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NAMI Ohio Call to Action – Ohio House Budget a Disaster for Mental Health
Governor DeWine’s Budget made great strides in the funding of much needed mental health services.
It is our understanding that the amended House version of the Budget Bill for FY 24-25 (HB 33) will go to the House floor early next week for vote. Much of the progress made in the Governor’s budget was eliminated in the House Budget. The increase to Residential State Supplement (RSS), funding for prevention and criminal justice services, the increase to local ADAMH Boards, and the increase for behavioral health Medicaid rates were significantly reduced. In addition, the House has reduced the request of the Governor for the expansion of beds within our state hospital system.
It is vital that your State Representative hears from you today or tomorrow! We need the voice of individuals with mental illness, their family members and those that want a quality of life for all Ohioans to speak up.
Call or Email your member of the Ohio House of Representatives today!
When you email or call your representative, the following are the key issues that need to be amended in the proposed HB 33
Key Issues with the ask in the amended House Budget Bill:
NAMI Ohio’s advocacy is to restore the mental health budget as introduced by Governor DeWine. Although all these key issues are important, NAMI Ohio’s number one priority is restoring the residential state supplement.
The State Budget for FY 2022/2023 moved us forward, and the as-introduced Governor’s DeWine’s budget 2024/2025 took a leap forward to just catch up to the surge in demand for services and supports. THE AMENDED HOUSE BUDGET REVERSES THESE SMALL GAINS MADE OVER THE LAST SEVERAL YEARS AND ENSURES THAT A PERSON-CENTERED COMMUNITY SYSTEM CANNOT AND WILL NOT BE BUILT.
Never in the history of this country has there been more awareness of the need to fix a broken mental health system. We cannot allow this opportunity to be lost.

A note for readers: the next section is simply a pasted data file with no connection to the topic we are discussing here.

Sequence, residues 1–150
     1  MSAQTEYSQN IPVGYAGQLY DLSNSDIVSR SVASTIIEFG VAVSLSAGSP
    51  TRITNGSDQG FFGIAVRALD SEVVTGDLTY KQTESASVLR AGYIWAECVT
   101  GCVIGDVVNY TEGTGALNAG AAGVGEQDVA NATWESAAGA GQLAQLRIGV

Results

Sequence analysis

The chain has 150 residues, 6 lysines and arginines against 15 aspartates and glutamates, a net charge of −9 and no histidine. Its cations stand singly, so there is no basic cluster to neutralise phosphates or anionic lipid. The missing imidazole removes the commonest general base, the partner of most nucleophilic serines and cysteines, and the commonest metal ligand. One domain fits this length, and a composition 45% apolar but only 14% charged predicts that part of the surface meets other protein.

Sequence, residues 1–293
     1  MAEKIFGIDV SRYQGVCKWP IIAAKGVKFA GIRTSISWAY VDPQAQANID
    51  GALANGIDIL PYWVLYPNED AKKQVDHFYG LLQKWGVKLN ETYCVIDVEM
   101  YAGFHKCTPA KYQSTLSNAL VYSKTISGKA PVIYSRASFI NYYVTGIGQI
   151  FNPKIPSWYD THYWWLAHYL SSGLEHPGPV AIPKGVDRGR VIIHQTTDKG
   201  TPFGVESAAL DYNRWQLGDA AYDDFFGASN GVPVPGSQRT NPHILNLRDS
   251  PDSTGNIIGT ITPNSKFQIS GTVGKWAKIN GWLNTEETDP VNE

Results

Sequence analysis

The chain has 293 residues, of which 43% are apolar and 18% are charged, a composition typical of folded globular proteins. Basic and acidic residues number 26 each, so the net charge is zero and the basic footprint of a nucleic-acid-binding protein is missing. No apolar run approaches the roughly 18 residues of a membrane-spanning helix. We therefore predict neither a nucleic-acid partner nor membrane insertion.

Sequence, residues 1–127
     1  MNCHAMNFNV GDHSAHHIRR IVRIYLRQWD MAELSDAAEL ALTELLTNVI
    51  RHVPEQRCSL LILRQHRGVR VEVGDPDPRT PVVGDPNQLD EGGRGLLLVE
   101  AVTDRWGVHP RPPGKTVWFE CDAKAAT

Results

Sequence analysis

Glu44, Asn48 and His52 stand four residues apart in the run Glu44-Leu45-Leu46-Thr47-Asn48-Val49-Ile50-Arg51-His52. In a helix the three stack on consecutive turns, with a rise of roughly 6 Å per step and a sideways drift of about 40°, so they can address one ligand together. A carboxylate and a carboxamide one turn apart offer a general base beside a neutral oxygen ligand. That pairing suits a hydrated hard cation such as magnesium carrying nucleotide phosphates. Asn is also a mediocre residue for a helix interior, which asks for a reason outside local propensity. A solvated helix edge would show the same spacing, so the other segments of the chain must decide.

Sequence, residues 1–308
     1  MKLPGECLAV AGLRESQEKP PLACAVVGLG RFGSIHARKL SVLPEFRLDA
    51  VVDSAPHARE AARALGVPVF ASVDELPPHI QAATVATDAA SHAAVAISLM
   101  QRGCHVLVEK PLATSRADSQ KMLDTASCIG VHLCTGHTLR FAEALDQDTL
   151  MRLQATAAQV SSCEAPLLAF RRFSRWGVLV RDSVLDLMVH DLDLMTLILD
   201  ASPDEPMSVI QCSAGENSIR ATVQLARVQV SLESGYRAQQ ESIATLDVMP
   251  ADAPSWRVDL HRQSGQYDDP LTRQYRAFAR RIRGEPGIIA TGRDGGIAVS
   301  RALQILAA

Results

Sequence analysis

WE NEED YOUR HELP!
Thank you for your consideration of this request and thank you for the work you do on behalf of all Ohioans. If you have any questions about this letter or about community mental health services, please feel free to contact me.
As the House finalizes the budget bill and it moves to the Senate, we will be asking you again to make your voice heard with your Senators.
Please contact me with any comments or questions. The individuals NAMI Ohio loves, cares for, and represents need our advocacy.
Luke Russell, Executive Director
NAMI Ohio joins Gov. DeWine as He Vows to Bring Mental Illness Out of the “Shadows” in State of the State Message
COLUMBUS, OH: Gov. Mike DeWine outlined broad improvements to the mental health system in his State of the State speech, vowing to bring Ohioans with mental illness out of the shadows. “NAMI Ohio will be working with Governor DeWine and the General Assembly to develop a support system that gives hope to those with mental illness and their families.” NAMI Ohio Executive Director Luke Russell shared while leaving the Statehouse.
“We must face the fact that no Ohioan will ever fully live up to their potential or be able to lead purposeful and meaningful lives if their mental illness remains in the shadows and untreated,” Gov. DeWine said in his annual priorities address at the Statehouse. It was the first of his second term as governor.
As he first noted late last year, Gov. DeWine said the nation and Ohio, “despite the good intentions of the past,” have not fulfilled promises first made in the 1960’s to develop a community-based mental health system after the downsizing of psychiatric hospitals led to the release of thousands of patients into the community.
Gov. DeWine quoted former South African Archbishop Desmond Tutu who said, “There comes a point where we need to stop just pulling people out of the river. We need to go upstream and find out why they’re falling in.”
“To make meaningful change, we must figure out why so many of our fellow Ohioans keep falling into that proverbial river and finally get to the root causes of mental illness and addiction,” the governor said. “NAMI Ohio appreciates the Governor recognizing our river is reoccurring inpatient hospital stays, prisons and jails, homeless shelters and the shadows of the streets across Ohio,” said Russell.
NAMI Ohio Executive Director Luke Russell responded enthusiastically to the governor’s mental health initiative.